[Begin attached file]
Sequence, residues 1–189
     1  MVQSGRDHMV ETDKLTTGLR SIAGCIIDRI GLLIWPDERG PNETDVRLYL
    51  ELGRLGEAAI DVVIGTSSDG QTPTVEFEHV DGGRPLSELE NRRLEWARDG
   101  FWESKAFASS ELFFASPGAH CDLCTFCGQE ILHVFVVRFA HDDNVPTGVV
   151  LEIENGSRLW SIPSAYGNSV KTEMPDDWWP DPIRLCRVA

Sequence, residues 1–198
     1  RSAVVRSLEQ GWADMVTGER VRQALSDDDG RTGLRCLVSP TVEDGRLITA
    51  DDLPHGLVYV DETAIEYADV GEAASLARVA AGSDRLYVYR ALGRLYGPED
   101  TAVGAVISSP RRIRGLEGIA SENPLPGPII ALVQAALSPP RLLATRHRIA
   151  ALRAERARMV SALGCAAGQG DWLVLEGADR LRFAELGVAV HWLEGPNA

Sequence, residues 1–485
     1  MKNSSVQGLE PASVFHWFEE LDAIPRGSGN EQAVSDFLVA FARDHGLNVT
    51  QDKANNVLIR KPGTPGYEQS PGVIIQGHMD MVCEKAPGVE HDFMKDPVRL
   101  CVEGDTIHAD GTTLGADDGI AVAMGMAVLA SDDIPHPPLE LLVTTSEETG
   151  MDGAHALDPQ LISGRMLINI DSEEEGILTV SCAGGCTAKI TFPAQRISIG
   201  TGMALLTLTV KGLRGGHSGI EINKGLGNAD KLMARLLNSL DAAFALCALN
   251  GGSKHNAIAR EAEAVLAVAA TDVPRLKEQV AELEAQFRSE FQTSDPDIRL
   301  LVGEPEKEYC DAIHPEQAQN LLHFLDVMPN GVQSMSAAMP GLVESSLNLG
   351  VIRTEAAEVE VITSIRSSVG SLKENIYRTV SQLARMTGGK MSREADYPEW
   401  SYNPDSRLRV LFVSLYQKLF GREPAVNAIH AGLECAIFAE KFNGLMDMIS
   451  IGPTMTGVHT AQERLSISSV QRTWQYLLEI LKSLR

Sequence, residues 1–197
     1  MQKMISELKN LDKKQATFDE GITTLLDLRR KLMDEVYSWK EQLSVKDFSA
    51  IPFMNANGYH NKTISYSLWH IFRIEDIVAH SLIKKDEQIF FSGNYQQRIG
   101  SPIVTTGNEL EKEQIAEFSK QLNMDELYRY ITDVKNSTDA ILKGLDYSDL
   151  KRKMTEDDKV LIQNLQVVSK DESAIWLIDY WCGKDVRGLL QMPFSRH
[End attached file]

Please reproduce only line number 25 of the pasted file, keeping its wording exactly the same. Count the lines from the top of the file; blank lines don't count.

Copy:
   101  SPIVTTGNEL EKEQIAEFSK QLNMDELYRY ITDVKNSTDA ILKGLDYSDL